- Panel Size / Ratio31" / 16:9 (1.78:1)
- Native Resolution3840 * 2160 (UHD 4K)
- Panel TechnologyIPS
- Direct Hardware Calibration Support?
- In Built Sensor?
With the recent arrival of the first really very good 4K monitor into the country and on to my desk (the Eizo EV3237, available for pre-order now), we’ve been trying out 4K properly for the first time and here’s a few thoughts on the impact they have.
The primary thing to note is that the change is, from a photographic perspective, much less radical than you might think. Particularly with images, whilst they do render a little more sharply, the reality is that side by side there is very little practical or visual difference in image rendering (specifically) between, say, 27″ monitor at 2560 by 1440 and 32″ monitor at 3840 by 2160. If you didn’t know one was 4K, you probably wouldn’t even pick it in a blind test from a normal working distance. So in general working in Photoshop or similar actually remains much the same. Thus our conclusion is it remains vastly more important to get a model that is highly colour accurate than one which has very high resolution, and this should always be the primary consideration for image makers.
Where you will notice the change, though, is with text and user interface elements,and smaller things like thumbnails. These will appear radically sharper and more like print. It’s quite striking (if you have an up to date smartphone or retina Mac display you’ll know what I mean). It’s nice, without doubt, but it’s not of tremendous practical importance in most contexts. I would think desktop publishing would benefit most noticeably, but for your typical photographer it’s not really going to change your life.
If you’re an illustrator working in vectors, these of course render much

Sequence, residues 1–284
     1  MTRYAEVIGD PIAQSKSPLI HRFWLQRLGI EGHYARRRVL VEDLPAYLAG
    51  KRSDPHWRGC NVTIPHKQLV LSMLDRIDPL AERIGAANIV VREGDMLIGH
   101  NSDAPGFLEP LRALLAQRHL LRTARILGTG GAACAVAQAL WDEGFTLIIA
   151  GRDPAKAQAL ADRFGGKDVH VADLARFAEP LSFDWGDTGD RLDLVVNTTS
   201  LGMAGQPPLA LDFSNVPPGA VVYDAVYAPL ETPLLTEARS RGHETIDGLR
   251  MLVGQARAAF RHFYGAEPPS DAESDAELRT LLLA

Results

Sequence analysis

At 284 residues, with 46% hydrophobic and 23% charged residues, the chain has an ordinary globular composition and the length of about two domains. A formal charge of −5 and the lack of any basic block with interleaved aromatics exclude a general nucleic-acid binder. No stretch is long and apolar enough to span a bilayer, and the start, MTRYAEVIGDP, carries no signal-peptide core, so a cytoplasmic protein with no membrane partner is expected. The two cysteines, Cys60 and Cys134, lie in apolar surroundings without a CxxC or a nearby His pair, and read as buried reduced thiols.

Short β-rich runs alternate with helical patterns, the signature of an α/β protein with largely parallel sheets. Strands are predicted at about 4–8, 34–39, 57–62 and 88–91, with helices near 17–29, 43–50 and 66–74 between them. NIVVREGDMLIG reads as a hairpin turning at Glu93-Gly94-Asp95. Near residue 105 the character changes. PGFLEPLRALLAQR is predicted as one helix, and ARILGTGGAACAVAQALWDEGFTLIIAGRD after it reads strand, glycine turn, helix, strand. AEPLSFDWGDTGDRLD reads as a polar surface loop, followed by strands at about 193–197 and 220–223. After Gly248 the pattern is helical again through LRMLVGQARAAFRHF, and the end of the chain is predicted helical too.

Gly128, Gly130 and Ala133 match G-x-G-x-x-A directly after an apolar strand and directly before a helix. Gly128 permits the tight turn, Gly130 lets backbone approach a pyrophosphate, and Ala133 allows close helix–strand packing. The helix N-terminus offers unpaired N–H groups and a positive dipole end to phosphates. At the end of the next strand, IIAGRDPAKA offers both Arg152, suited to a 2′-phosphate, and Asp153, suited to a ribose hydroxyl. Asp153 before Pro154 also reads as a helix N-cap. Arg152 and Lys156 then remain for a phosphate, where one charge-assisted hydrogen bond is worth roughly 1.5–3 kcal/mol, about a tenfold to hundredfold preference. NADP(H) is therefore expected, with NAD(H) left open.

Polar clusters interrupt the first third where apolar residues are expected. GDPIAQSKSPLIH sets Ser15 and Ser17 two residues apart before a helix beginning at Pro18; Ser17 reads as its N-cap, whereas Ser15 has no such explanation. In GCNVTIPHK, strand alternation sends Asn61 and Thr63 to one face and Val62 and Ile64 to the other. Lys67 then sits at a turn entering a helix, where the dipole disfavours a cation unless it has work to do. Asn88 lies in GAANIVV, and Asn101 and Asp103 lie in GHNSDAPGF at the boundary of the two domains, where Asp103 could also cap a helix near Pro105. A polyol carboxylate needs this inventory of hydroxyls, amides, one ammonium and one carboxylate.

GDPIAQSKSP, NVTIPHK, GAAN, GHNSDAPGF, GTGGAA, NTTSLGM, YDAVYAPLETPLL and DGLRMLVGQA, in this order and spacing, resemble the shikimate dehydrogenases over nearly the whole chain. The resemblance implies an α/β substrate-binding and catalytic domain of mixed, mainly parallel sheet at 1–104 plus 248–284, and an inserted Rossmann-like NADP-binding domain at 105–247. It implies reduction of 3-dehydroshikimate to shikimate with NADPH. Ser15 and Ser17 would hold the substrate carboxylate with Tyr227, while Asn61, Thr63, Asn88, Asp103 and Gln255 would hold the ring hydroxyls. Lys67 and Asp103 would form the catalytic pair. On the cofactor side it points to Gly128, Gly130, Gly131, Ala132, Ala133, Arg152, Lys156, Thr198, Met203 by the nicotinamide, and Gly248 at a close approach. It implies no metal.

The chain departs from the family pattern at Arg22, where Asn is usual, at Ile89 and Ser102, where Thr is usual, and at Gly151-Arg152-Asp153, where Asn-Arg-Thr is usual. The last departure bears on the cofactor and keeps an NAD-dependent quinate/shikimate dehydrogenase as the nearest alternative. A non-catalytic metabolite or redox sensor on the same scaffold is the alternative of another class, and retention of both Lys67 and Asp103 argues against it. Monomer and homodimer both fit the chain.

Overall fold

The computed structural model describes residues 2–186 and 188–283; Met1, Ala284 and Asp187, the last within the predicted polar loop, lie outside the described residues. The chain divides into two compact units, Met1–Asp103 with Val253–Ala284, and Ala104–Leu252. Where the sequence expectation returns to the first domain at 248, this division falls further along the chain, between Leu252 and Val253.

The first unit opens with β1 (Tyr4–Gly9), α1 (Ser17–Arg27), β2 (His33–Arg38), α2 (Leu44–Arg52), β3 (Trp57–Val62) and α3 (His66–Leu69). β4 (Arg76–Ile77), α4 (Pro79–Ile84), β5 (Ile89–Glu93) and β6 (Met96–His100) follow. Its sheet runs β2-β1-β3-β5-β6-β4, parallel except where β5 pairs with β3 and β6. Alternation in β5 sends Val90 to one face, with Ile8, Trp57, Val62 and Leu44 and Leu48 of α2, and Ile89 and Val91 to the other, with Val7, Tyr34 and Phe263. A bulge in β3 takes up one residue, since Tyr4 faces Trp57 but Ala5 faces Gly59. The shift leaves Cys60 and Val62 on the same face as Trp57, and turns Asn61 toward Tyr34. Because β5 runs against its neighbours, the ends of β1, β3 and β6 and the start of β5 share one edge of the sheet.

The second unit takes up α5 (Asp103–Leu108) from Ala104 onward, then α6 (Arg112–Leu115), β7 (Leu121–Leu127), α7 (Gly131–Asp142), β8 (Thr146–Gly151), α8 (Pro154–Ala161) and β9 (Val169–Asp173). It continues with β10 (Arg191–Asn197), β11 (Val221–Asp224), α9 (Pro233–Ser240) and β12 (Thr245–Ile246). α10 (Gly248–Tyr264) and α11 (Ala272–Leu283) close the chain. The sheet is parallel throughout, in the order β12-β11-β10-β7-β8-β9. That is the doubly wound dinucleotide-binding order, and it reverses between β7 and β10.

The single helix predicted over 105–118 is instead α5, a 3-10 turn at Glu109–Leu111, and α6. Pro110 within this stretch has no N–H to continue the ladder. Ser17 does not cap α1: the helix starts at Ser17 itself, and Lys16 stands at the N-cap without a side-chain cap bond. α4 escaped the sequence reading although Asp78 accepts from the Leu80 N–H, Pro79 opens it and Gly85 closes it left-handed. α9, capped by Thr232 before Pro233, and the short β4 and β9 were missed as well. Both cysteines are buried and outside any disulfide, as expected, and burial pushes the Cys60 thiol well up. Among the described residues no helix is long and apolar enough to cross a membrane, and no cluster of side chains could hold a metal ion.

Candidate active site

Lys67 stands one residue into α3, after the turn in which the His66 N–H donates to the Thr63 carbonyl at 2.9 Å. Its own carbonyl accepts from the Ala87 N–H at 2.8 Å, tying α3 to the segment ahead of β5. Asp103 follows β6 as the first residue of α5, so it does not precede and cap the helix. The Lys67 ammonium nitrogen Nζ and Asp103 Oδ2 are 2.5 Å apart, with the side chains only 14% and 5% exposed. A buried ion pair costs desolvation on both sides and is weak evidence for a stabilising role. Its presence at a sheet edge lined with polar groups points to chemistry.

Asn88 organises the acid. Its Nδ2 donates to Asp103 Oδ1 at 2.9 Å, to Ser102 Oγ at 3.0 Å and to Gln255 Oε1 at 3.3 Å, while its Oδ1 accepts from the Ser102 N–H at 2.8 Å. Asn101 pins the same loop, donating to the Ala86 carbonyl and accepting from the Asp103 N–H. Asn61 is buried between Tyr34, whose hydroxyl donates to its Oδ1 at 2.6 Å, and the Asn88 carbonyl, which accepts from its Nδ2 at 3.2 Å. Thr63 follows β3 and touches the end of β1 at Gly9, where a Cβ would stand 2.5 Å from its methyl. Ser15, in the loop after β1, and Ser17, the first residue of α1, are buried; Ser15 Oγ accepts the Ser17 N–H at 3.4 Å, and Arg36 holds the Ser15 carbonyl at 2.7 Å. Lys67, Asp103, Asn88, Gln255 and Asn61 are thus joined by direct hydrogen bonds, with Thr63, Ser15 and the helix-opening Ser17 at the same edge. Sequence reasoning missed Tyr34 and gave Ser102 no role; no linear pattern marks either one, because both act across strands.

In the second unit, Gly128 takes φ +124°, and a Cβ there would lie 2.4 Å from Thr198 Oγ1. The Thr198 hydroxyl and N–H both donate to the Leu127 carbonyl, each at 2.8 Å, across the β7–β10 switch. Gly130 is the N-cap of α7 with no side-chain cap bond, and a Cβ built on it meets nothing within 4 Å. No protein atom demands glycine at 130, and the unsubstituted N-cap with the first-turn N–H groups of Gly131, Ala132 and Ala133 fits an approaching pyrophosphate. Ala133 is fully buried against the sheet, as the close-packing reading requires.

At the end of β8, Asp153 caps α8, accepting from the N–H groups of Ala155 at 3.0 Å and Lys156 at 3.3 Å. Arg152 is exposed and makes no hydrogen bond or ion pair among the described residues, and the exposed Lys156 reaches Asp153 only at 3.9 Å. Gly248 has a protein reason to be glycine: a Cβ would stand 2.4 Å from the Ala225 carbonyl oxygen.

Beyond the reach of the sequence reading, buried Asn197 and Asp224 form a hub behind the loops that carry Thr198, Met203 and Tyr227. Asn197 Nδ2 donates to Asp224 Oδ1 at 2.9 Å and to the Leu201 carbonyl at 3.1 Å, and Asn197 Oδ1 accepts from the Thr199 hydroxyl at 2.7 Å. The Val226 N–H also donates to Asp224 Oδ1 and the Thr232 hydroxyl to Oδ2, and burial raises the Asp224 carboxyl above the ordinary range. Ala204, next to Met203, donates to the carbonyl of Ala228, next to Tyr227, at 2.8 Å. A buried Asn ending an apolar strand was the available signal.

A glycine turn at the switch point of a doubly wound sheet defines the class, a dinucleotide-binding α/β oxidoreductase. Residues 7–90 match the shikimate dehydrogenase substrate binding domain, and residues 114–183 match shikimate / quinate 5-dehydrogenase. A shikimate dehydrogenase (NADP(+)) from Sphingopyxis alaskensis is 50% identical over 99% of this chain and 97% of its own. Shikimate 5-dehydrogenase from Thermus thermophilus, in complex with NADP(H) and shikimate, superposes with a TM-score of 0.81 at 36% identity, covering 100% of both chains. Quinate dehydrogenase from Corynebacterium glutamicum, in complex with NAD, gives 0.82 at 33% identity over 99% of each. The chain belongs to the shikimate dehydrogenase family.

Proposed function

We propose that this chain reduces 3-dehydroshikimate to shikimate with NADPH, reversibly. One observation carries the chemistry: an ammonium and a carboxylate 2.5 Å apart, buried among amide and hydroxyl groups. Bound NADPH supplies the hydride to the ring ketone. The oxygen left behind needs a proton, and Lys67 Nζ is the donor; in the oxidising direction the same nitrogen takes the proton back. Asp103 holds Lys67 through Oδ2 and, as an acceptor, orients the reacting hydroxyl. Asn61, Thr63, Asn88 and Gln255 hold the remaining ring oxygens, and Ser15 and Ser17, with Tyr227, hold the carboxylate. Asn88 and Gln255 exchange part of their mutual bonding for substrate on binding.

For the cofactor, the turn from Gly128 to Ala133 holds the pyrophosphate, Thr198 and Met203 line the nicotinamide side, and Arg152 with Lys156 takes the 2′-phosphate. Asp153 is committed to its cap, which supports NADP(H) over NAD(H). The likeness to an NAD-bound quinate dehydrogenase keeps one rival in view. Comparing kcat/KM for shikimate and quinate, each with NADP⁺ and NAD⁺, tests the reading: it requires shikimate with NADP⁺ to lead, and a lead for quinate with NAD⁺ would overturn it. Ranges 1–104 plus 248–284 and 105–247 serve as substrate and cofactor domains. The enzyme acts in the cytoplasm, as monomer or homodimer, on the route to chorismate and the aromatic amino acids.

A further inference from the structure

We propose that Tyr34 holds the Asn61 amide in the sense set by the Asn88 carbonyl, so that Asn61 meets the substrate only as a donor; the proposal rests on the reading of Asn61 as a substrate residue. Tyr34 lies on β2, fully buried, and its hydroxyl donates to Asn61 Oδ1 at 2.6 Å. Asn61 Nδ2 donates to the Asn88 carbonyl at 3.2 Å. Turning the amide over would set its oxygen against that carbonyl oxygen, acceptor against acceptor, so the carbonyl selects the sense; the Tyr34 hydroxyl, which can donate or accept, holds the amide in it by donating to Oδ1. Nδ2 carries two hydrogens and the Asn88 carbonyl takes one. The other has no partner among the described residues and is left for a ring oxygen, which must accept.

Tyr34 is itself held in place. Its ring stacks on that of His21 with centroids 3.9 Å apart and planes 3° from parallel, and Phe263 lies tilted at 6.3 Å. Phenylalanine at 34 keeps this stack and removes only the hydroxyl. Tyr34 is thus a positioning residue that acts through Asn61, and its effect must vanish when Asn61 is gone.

more sharply (and smoothly, which seems like a contradiction but isn’t –
the anti-aliasing technology used to smooth lines is much more
effective with a higher pixel density, resulting in a sharp yet smooth
appearance), so here it will make a bigger difference as well.
Impressively, this screen feels like a ‘proper’ Eizo in every way – very uniform, excellent anti-glare coating (to my mind one of the areas Eizo really excels and puts things like Apple’s ‘fused glass’ to shame), excellent out of the box colour, 10 bit input support, and of course good calibration controls. And at 32″ it has undeniable gravitas and Wow! factor. It would make an excellent device for working on AND selling wedding and portrait work, for example.
We’re at the early stages of 4K and early next year both Eizo CG and NEC PA wide gamut 4K models will appear. These will without doubt be extremely impressive machines, and if you’re wanting wide gamut these are worth waiting for. They’ll be distinctly more expensive than this already excellent standard gamut model, though.
To achieve a really good 4K display, you need to be able to output the full 4K resolution at 60Hz to your screen.
The best way is, without doubt, to use a single Display Port 1.2 cable to connect (or a Mini Display port to DisplayPort 1.2 cable of course). While some HDMI connections offer 4K support, most of these are stuck at 30Hz (i.e. they are not HDMI 2) – so should be avoided. This includes the MacPro ‘Darth Vader’ tube thing – you should instead use one of the Thunderbolt ports to achieve 60 Hz.
All the other methods (hacks) that early 4K monitors needed (e.g. using two DVIs/HDMIs etc) – have significant issues (especially with video) – and should be avoided.
Mac – if your Mac is a reasonably late model with a Thunderbolt output, it’s just plug in and go using the included Mini Display Port cable that is plug compatible with Thunderbolt. You’ll want to be current with OSX which improves rendering on 4K panels substantially over previous versions. Apple have a guide you should review to be sure.
PC – we strongly recommend that if you’re moving to 4k, then you should upgrade your video card to an NVIDIA Quadro K620 or K2200 or above, or an ATI Firepro 5000 or above (we lean towards NVIDIA as the 10 bit drivers are more stable). This will give you 10 bit and 4K support, at full resolution/60Hz, and allow you to connect via DisplayPort. These are known as ‘workstation’ cards and perform excellently in serious applications. Some of the gaming models would work for 4K as well, but they are not 10 bit, and at this point 10 bit works well in Photoshop etc., so it worth having. You’ll also want to be using Windows 8.1 as it significantly improves high DPI rendering. If you think it’s time to upgrade your whole PC, then have a look at our PCs for imaging guide (with pre-configured systems available).